They’ve reported wars, riots and all manner of unrest, but the media’s latest assignment may well be their most perilous to date and would have even Ernie Pyle quaking at his typewriter: Covering Sarah Palin’s bus tour:
Yet the reemergence of the GOP’s larger-than-life 2008 vice presidential candidate – who says she is strongly considering a run for president – is undeniably news. Which is why more than a dozen national news outlets have sent reporters and producers out to try and follow Palin.
Since Palin and her team won’t share where the potential candidate is headed, reporters and producers have little choice but to simply stay close to Palin’s bus. This has resulted in scenes of the Palin bus tooling down the highway followed by a caravan of 10 or 15 vehicles – including a massive CNN bus – all trying to make sure they don’t lose sight of the Palin bus.
It adds up to a dangerous situation, says CBS News Producer Ryan Corsaro.
“I just hope to God that one of these young producers with a camera whose bosses are making them follow Sarah Palin as a potential Republican candidate don’t get in a car crash, because this is dangerous,” he said.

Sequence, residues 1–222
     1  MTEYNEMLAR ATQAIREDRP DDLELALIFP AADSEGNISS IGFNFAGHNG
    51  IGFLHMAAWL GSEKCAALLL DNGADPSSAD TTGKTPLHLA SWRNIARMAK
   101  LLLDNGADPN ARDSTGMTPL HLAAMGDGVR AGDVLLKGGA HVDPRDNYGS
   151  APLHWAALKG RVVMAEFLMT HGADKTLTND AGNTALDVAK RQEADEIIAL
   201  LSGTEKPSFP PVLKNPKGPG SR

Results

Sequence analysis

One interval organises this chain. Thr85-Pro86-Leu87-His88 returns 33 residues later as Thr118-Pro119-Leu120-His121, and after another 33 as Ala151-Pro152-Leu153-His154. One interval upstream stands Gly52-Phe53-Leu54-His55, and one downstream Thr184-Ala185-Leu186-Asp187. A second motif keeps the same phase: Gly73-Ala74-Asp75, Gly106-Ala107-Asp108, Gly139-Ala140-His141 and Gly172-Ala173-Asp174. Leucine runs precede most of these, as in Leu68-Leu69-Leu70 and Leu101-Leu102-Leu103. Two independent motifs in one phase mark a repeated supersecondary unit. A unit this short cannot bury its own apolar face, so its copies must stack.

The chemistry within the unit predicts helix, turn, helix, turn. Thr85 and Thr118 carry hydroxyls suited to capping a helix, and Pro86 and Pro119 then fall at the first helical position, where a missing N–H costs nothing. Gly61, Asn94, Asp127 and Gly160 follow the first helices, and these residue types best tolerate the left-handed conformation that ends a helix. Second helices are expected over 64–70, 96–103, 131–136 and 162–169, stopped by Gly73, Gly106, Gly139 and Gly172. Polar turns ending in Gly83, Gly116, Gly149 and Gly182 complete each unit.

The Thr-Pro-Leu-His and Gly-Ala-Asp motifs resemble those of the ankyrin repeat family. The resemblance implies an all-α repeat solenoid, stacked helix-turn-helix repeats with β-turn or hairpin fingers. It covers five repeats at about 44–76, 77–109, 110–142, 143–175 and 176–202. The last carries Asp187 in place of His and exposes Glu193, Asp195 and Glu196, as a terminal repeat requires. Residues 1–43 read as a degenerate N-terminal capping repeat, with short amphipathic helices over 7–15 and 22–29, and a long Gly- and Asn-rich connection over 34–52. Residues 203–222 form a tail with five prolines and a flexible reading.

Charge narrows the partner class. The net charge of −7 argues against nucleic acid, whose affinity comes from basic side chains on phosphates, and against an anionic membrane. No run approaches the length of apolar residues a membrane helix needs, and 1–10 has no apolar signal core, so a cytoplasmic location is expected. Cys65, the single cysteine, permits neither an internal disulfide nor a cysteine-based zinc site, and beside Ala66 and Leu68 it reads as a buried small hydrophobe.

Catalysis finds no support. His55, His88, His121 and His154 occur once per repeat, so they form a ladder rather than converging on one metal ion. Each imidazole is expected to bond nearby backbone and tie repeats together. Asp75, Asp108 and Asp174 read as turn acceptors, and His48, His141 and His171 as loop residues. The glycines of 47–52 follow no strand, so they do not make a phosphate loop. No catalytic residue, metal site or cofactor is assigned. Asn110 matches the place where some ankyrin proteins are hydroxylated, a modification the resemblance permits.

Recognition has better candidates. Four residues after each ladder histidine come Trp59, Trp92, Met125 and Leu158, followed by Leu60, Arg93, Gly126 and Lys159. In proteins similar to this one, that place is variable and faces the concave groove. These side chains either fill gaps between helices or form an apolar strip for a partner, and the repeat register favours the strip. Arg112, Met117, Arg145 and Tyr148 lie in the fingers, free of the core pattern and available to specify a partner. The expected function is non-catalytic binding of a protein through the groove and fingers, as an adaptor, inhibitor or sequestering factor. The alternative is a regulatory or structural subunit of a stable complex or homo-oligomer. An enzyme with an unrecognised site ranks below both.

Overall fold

Corsaro asked a member of Palin’s team if he thought it was dangerous to have reporters forced to chase her from stop to stop. “You’re the ones that are trailing us,” he replied.
The way the media is covering the start of Palin’s bus tour, it would be more fitting if Sarah were riding in a white Ford Bronco.
The highly dangerous situation in which Palin has heartlessly placed a sizable portion of the media is starting to take its toll:
Now, some of the media frustration is playing out on Twitter.
Some journalists believe Palin is behaving like a celebrity, and that covering her may be beneath them. For example, The Atlantic’s Garance Franke-Ruta Tweeted: “reality TV star Palin treating pol reporters like paparazzi — needing & hating, inviting & making chase.” Politico’s Ben Smith Re-Tweeted her — and Jennifer Rubin of The Washington Post agreed, responding: “seriously, why dont media outlets have entertainment reporters cover her instead of polit. press?”
This was a bit too much for CNN’s Peter Hamby — who is hot on Palin’s trail. Hamby responded to both Franke-Ruta and Smith, Tweeting: “Believe it or not we’re asking serious questions. (And, btw, politico has a reporter here too).”
Franke-Ruta responded, Tweeting: “Right, right — but that’s how you’re treating her, not how she’s treating you.”
Hamby next turned his sights on Rubin, Tweeting: “smart point, [Palin's] not a national political figure in any way, after all.”
I don’t know what everybody’s complaining about. If you were a reporter, would you rather cover Sarah Palin’s bus tour or be put on the Weiner beat?